Researchers from the University of Leeds teamed up with Bet Victor to study Leeds United fans across three key games during the 2018/19 season. During the games, the researchers monitored the participants’ heart rate, blood pressure and mood — using monitors, blood pressure checks and then surveys. Incredibly, heart rates increased in some participants to 130bpm, the equivalent of a 90-minute brisk walk. I’m going to take an educated guess these participants didn’t scoff two Pukka Pies at half-time.


Football is a highly competitive, narrative-driven, intensely tribalized pastime; so as expected, the psychological response of the fans correlated with Leeds’s result: excitement and happiness when winning, dejection and anger when losing.


This seems logical; if you have an emotional attachment to a football team and they win or lose (with the emotions derived from draws being contextual), then it follows that these outcomes will add a layer of intensity to the emotions. The feeling of winning an important match in the final seconds, as all hope seemed crushed to dust, cannot be replicated in anything else; like the luminous electricity that follows kissing someone special for the first time is unique to those seconds.


However, as the human tendency is to brush off the good and trap the bad, referred to as ‘negativity bias’, the negative emotions that followed losses echoed in the fans' minds long after the game, sometimes for days. This seems obvious in a way; if you are an England fan like me, I bet you can remember every punishing second of the shootout against Italy but none of the goals against Ukraine in the quarter-final. This tendency can result in symptoms of depression, and in the most extreme cases outbreaks of physical violence, often heartbreakingly within a domestic abuse context.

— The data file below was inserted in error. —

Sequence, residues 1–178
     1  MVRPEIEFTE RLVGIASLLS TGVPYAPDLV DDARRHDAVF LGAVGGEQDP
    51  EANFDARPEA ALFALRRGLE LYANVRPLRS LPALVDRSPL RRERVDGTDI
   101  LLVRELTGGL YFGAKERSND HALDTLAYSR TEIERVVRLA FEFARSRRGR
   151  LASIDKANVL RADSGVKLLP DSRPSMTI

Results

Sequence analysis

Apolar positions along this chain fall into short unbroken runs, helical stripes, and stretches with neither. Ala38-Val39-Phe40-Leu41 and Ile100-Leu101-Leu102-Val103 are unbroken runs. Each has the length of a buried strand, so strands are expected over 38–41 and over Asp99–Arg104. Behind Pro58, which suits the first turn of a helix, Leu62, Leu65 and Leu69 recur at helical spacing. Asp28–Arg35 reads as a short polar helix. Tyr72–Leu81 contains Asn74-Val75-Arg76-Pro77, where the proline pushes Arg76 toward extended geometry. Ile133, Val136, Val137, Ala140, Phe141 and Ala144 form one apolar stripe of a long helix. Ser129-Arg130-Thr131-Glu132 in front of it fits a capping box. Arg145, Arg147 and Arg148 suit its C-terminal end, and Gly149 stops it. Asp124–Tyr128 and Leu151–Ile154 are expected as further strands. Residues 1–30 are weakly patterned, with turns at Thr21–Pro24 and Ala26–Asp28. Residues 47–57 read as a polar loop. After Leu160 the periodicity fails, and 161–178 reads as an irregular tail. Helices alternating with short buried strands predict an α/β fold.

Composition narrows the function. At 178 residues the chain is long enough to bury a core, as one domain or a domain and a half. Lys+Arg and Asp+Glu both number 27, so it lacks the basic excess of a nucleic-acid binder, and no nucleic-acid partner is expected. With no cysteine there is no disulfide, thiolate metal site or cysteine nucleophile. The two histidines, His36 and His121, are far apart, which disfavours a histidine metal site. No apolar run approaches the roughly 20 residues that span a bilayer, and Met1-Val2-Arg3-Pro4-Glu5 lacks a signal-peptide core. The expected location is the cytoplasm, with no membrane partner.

Photo by Laurence Griffiths on Getty Images

Is Football Good for You?


This suggests then perhaps football isn’t good for you; it seems to bring only a brief beam of joy but the days-long gloom of a black sky. But this is what football is because that’s what life is. Human beings seem designed to forever remember the pitfalls, even though the good things in their life outnumber them 100 to 1. Your friends can give you a thousand compliments in an evening but what you end up remembering is that bloke at the bar who is slightly rude to you.


We do care too much about football, I certainly do. I’m a 29-year-old who has lost nearly all his family to that eternal sleep, and I don’t remember crying at any of their funerals. Not because of indifference, or emotional detachment, it just isn’t how I process things. Yet, when Wes Morgan and Claudio Ranieri lifted the Premier League trophy for my beloved Leicester City in 2016, the tears came free and fast.


Whether football exacerbates pain or lifts spirits so that they are dancing among the clouds is irrelevant to whether watching football is good for you, it’s how you approach it that matters, just like mental health in fact, and football is that in microcosm.


So when your team wins and you feel the euphoria that could power the sun, remember it. So that when they lose and you feel the rain clouds speed up to catch you, you know that it won’t last forever, and that’s mental health in a nutshell really, isn’t it?